The trends and challenges for High-capacity SSD
The driving force of large-capacity SSD
SSD is significantly more reliable than mechanical hard disk because it does not have mechanical components of HDD. The annual failure rate of SSD is usually less than 1%, while the failure rate of HDD is usually 4% to 5%.
Intel: Based on 2-3 million SSDs, the failure rate has been less than 0.2% since 2013; the 0.8% fluctuation of the early AFR of the DC SSD was caused by the initial problems of the DC series SSD.
While ensuring high reliability, SSD has a qualitative leap in performance compared with HDD. As a big customer of memory demand, data center is always pursuing efficiency and reducing TCO (Total Cost of Ownership), and SSD has satisfied this demand from the following two aspects.
1 High density
The increase in SSD storage capacity allows a storage array of the same capacity to be formed with a smaller number of SSDs. For example, the mainstream SSD of enterprise terminal has a maximum capacity of only 3.2 TB in the past. Therefore, 16 SSDs must be used to form a 50 TB storage array. Now only 4 of them are needed when 15.3 TB SSD is used.
High density does not only mean capacity, but also means high-performance delivery. In a system composed of a dozen of SSD disks, the overall performance usually reaches from 400,000 to 500,000 IOPS, which means that the system can carry more applications. Virtualization technology has strengthened this trend. A storage system is fully capable of supporting enterprise virtual desktops, core databases, and Web applications.
From a cost perspective, high density means increasing application server utilization (NRDC: 2014 data center Efficiency Assessment report shows that the CPU utilization of data center server is only 10% to 15%) and reducing the number of servers; it also means reducing the license fees for software and middleware, such as Oracle's license fee. The most critical is to improve the response time of the business, for example, a large number of report analysis time is reduced from a few days to a few hours; the startup time of the virtual desktop in the startup storm scenario is reduced from tens of minutes to one minute, and the electronic business order processing time is from minutes to seconds.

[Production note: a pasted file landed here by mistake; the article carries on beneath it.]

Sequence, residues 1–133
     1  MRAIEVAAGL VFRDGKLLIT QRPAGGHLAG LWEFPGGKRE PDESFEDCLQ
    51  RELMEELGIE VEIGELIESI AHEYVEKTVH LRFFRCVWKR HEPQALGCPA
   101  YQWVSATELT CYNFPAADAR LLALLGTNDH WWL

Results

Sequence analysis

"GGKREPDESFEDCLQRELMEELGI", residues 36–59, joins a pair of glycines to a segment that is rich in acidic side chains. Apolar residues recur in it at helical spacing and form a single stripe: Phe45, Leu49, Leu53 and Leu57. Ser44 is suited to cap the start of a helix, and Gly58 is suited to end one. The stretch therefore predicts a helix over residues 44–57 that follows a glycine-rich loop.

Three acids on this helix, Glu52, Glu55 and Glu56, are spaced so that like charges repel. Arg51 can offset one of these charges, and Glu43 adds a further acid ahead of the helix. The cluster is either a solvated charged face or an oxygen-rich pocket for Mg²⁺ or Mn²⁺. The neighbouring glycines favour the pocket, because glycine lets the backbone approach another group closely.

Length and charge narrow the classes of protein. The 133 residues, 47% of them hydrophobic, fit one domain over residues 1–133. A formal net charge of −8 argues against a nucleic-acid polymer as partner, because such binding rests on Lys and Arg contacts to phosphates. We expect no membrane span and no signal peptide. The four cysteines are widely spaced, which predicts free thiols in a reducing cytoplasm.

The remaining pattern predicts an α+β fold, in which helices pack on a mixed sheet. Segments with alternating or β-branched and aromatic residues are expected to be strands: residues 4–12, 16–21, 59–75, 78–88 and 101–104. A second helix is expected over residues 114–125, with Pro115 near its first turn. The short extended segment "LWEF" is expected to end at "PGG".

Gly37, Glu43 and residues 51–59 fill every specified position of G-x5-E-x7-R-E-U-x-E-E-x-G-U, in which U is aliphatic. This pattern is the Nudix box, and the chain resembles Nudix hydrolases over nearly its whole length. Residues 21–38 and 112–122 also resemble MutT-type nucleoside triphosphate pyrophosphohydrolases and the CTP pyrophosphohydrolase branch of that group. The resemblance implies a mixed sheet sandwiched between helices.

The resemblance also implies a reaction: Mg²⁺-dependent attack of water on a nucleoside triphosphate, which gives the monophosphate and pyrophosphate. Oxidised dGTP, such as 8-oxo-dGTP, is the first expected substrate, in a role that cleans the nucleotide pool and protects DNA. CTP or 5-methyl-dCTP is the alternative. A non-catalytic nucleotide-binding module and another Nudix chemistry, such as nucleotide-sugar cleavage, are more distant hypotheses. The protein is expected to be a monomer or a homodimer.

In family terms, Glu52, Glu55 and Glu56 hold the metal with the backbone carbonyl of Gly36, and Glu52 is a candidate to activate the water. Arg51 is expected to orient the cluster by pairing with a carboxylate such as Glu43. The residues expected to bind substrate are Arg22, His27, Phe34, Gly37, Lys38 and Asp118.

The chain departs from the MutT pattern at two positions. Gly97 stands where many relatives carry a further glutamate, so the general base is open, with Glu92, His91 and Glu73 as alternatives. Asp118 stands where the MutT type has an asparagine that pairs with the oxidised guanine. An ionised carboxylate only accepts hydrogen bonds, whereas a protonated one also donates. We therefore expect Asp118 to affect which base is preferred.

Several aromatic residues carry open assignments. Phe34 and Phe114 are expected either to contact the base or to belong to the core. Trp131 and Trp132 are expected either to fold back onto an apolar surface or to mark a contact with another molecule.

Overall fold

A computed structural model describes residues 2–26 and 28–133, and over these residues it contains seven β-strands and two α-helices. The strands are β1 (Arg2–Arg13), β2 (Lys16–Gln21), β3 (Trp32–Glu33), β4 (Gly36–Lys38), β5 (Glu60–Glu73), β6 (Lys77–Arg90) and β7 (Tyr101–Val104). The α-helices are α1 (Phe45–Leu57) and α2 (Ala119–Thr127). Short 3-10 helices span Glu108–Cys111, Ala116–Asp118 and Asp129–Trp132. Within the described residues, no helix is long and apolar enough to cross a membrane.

2 operation and maintenance costs
Large-capacity SSDs effectively reduce the occupation space of the data center and reduce system power consumption. The SSD power consumption of various interfaces is as follows:
The power consumption remains basically unchanged when the SSD capacity becomes larger and the performance does not change much. The power consumption of the system using the large-capacity SSD is significantly reduced if the storage system of the same capacity is provided. At the same time, large-capacity SSDs reduce space usage. For a storage system with 100TB usable capacity, the SSD power consumption and space consumption are as follows (the space is reduced by 75%, and the overall power consumption of the SSD is reduced by 75%):
The challenges of system availability
The increase of SSD storage capacity means that greater impact will be caused when a piece of SSD fails. In the previous example, when a 3.2TB SSD is used to form a 50TB storage array, each SSD occupies an average of 6% of the entire system, and 6% of the entire data needs to be reconstructed when a piece of SSD fails. Up to 25% data needs rebuilding once the SSD fails as each occupies 25% data of the entire system when it is replaced with a 15.3TB SSD. The time required for reconstruction and the risk for data loss are greatly increased to several times than before.
In fact, with the increase of the capacity of HHD’s single disk, the problem that the time of rebuilding RAID array increases has arisen since large-capacity disks such as 4TB and 6TB were produced. The same problem is also going to be faced by the array system composed of SSDs after the SSD capacity catches up with and even surpasses the disk.
An urgent need to introduce a new generation of data protection technology
The traditional RAID technology must specify the Hot Spare disk in the disk array. If the disk fails and the data must be reconstructed, the write burden will be concentrated on the Hot Spare disk, which will become a performance bottleneck when rebuilt. Therefore, the larger the amount of data to be reconstructed is, the more reconstruction time will increase in linear growth.